Working with Youth with Disabilities or Who Receive Special Education Services

The successful transition of youth with disabilities from school to employment, education/training and independent living is a focal point of the Individuals with Disabilities Education Act (IDEA) and a policy incentive within the U.S. Department of Education, Office of Special Education Programs (OSEP).
www.ideapolicy.org

Often youth with disabilities face unique challenges that must be addressed to reach their post-school goals of postsecondary education, employment and independent living. By age 16, a student’s Individualized Education Program (IEP) must include transition services which will assist the student in reaching his/her postsecondary goals.

Transition services are a coordinated set of activities whose outcome is to design a process that promotes movement from school to post-school activities. Some students remain in high school until they are 21 years old. Since most high school students typically graduate at 17 or 18 years of age and progress to postsecondary education or employment, students with disabilities who remain in high school until the age of 21 have fewer opportunities to interact with same-age peers without disabilities. The transition services should be developed to increase the opportunity to interact with same-age peers in age–appropriate settings and provide opportunities for students to gain independent living skills, social skills, employment, and self-advocacy in real-life settings and to participate in age-appropriate activities in their communities.

These services ideally are located outside of the high school in community settings which may include the development of integrated and supported employment. A student’s specific needs, based on preferences and interests, define the services that can be included in the transition plan.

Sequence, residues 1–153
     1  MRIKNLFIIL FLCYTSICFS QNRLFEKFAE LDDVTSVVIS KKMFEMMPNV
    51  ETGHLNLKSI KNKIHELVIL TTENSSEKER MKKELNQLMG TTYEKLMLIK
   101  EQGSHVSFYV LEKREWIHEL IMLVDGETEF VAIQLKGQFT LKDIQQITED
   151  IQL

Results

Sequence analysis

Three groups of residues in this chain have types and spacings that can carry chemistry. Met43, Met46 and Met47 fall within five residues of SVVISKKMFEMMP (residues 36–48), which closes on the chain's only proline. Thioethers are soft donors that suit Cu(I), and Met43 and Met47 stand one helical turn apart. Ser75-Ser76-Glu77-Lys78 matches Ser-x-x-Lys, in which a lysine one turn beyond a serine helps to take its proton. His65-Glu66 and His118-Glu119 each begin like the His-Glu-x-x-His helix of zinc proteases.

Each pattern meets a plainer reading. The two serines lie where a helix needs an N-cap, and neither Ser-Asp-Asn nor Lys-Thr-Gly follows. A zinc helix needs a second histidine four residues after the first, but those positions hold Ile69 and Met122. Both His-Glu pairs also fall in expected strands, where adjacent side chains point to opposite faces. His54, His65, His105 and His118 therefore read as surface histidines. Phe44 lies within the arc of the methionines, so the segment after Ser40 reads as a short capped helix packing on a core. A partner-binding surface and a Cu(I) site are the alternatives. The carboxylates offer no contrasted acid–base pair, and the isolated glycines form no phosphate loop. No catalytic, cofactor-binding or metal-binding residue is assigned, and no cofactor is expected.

Youth with disabilities must be able to access work experience activities. These experiences focus on assisting the student to develop broad, transferable skills for postsecondary education and the workplace. A quality Workplace Experiences program can make school-based learning more relevant by providing students with the opportunity to apply knowledge and skills learned in the classroom to real world situations.

The IEP team evaluates the employment needs of a student and then documents the activities and/or goals for the student in the Individualized Education Program. The IEP team may also identify supports available from non-educational agencies to assist the student in meeting the IEP goal of employment.

The WBL Coordinator may be involved in the transition planning of youth with disabilities. This occurs through attending meetings and working with the IEP team. Once the needs, activities, and goals of the student have been identified, the role of the WBL coordinator is to develop a work-based learning skills plan, identify possible worksites, and develop and coordinate the placement and worksite activities of the student. Collaboration is the key to providing youth with disabilities the best and most appropriate WBL experiences. Through the collaborative efforts of several agencies throughout Nebraska, youth with disabilities have opportunities to become employed adults within the communities in which they live.